The murky future of high school football

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ROCHESTER, Minn. (KTTC) – As the high school football season begins to wrap up in Minnesota, the future of the sport seems anything but clear.

For years, football gained its popularity through its violent style of play, but participation numbers have slowly been dwindling over the past decade.

“We lost 9 seniors and we have no freshman coming into the program, so we’re down a total of 10 players from what we had last year. So right off the bat, what’s going to be difficult for us is numbers and depth,” said Spring Grove Head Coach, Zach Hauser.

The brutality of the sport has drawn spectators and players for decades, but with fewer kids coming out to play, coaches are searching for answers on roster depth.

“We’ve seen some numbers issues especially at our junior high program that are our lowest we’ve ever had,” added Lourdes Head Coach, Mike Kesler.

While football remains tops in participation numbers, teams across Southeastern Minnesota and the United States are seeing fewer players lining up on the sidelines.

“There are times and there are cycles where we’re high or we’re low and yeah it can be a struggle sometimes,” said St. Charles Athletic Director and former MSHSL President, Scott McCready.

It’s a problem that exists for schools, no matter the size.

“We see that the numbers are dropping across the country in this great sport of football and we want to save it,” continued Kesler.

According to data released by the National Federation of State High School Associations, football participation is down 6.6% over the past decade, including 20,000 fewer athletes between 2016 and 2017.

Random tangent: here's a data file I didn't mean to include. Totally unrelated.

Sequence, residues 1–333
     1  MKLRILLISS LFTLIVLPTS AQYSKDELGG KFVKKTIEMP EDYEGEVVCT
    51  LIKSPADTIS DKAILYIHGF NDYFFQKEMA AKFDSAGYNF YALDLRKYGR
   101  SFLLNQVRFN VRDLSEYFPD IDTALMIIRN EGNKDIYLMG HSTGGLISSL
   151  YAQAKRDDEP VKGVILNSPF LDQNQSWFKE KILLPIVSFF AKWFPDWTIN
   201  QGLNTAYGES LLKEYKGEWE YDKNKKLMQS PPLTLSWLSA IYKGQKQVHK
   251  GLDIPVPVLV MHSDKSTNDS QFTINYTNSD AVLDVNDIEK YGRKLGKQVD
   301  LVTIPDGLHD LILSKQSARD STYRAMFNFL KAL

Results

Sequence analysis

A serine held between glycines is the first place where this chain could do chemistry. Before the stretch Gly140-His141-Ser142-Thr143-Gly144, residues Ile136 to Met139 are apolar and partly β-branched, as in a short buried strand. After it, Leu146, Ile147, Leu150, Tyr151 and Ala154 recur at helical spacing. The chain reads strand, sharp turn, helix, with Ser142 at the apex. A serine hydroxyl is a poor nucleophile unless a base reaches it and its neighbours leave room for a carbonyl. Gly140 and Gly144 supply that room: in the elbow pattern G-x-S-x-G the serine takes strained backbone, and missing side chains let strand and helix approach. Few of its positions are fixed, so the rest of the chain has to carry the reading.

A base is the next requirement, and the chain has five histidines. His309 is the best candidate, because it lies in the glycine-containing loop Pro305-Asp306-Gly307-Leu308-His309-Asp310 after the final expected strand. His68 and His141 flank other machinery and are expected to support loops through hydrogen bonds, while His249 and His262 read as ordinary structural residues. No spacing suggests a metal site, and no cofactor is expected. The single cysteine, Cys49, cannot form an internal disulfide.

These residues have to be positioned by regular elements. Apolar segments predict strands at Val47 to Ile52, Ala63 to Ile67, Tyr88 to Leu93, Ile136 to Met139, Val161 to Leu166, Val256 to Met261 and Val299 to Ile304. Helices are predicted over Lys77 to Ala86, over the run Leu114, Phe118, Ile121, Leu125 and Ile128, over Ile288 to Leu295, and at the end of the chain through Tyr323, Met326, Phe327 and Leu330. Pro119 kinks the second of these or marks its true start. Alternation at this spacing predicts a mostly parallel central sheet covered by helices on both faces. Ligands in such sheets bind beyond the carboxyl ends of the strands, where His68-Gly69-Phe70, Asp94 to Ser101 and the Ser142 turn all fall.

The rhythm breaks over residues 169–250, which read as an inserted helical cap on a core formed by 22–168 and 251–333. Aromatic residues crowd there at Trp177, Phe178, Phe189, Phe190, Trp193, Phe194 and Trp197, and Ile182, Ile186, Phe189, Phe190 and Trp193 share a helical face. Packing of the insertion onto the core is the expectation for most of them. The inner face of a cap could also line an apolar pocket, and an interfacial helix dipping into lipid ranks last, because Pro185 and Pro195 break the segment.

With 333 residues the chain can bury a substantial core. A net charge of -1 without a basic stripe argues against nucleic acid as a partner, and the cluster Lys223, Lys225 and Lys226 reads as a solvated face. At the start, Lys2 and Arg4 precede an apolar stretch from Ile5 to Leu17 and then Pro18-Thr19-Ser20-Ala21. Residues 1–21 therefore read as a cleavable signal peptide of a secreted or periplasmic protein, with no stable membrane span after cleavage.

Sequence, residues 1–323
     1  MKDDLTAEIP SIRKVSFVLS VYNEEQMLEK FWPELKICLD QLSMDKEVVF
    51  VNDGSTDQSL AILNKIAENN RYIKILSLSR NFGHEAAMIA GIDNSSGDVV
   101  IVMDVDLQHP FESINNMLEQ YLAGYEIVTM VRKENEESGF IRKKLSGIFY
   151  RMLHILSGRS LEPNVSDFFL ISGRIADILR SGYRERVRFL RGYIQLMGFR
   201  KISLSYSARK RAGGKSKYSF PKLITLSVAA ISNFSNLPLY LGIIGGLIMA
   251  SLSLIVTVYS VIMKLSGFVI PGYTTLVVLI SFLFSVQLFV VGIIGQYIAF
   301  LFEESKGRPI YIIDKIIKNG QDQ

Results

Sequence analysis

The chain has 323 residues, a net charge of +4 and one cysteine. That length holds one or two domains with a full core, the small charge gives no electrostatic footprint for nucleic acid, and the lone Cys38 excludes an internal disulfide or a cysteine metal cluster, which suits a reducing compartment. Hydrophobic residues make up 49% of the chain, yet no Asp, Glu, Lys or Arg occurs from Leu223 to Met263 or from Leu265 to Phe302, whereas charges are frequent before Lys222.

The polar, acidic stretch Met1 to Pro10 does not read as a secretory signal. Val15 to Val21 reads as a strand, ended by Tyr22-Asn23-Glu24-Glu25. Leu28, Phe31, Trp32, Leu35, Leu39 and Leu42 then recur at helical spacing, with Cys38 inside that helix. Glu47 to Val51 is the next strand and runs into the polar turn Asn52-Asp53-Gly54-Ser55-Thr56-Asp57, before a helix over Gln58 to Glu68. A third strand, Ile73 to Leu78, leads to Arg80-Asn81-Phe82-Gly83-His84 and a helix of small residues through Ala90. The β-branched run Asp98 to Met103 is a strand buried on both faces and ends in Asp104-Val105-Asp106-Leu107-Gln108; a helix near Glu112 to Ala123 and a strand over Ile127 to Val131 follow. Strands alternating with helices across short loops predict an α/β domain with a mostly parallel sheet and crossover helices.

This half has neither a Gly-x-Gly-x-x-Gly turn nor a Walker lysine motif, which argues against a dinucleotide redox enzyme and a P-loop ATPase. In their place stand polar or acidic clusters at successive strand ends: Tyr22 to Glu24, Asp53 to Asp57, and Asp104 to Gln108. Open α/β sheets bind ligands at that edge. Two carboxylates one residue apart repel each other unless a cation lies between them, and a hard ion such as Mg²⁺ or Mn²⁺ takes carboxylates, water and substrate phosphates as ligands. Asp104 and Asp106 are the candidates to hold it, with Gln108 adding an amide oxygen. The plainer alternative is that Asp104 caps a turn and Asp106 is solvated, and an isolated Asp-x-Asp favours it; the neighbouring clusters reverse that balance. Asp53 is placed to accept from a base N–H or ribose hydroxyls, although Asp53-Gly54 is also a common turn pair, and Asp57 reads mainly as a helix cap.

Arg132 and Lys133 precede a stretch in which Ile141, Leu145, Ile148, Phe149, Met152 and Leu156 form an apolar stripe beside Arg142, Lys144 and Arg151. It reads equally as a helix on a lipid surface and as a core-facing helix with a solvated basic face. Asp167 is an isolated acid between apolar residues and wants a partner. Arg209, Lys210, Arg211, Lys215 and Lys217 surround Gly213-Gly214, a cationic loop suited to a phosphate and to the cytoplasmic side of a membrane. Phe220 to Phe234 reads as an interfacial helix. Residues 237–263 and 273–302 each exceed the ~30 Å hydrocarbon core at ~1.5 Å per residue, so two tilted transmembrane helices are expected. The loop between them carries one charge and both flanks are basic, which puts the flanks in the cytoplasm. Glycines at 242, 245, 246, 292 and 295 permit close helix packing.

“Nothing is perfectly safe, certainly any sport has its injuries. Football has its issues with that, but I think the high school league and the coaches associations are doing a fantastic job of educating people and teaching the fundamentals better,” stated McCready.

Injuries are a big factor for parents and the athletes themselves when considering strapping on the pads and putting their bodies on the line.

“The statistics are only statistics until it’s your family that is affected, then the statistics go out the window of x-number of people get hurt. Well if my kid got hurt, well it doesn’t matter, it’s 100%,” continued McCready.

The Colorado School of Public Health monitors player injuries each year and estimates there are more than 500,000 injuries of some kind for high school football players annually.

About 68% of those injuries sustained while tackling, and about 28% of the injuries occurring to the head, neck or face.

“We’re a Heads Up certified school program, through the USA football, so I’m proud of that, but yeah we do coach differently,” stated Kesler.

Part of the initiative to make the game safer for football leagues around the country, is changing the rules.

Working to try and reduce the number of severe injuries, placing a lot of responsibility on the referees.

Marshall: “There’s rules in place now, you know obviously to minimize risk. Penalties are called when they’re using the helmet to initiate contact, blind side blocks, where we’re blocking somebody with force when they’re not looking at the blocker, some of those things that can cause these head injuries. What we would have said five years ago ‘oh that’s a great hit’ is now a penalty,” said Marshall Behrens, a Referee at the high school and college level.

The numbers get compounded in Minnesota with some teams playing as many as four games in 15 days for a shot at the state tournament.

Meaning nobody wants out of the game, resulting in less time for players to get healthy between games, sorely affecting those teams hurting for depth.

Holden Krusemark

Holden Krusemark

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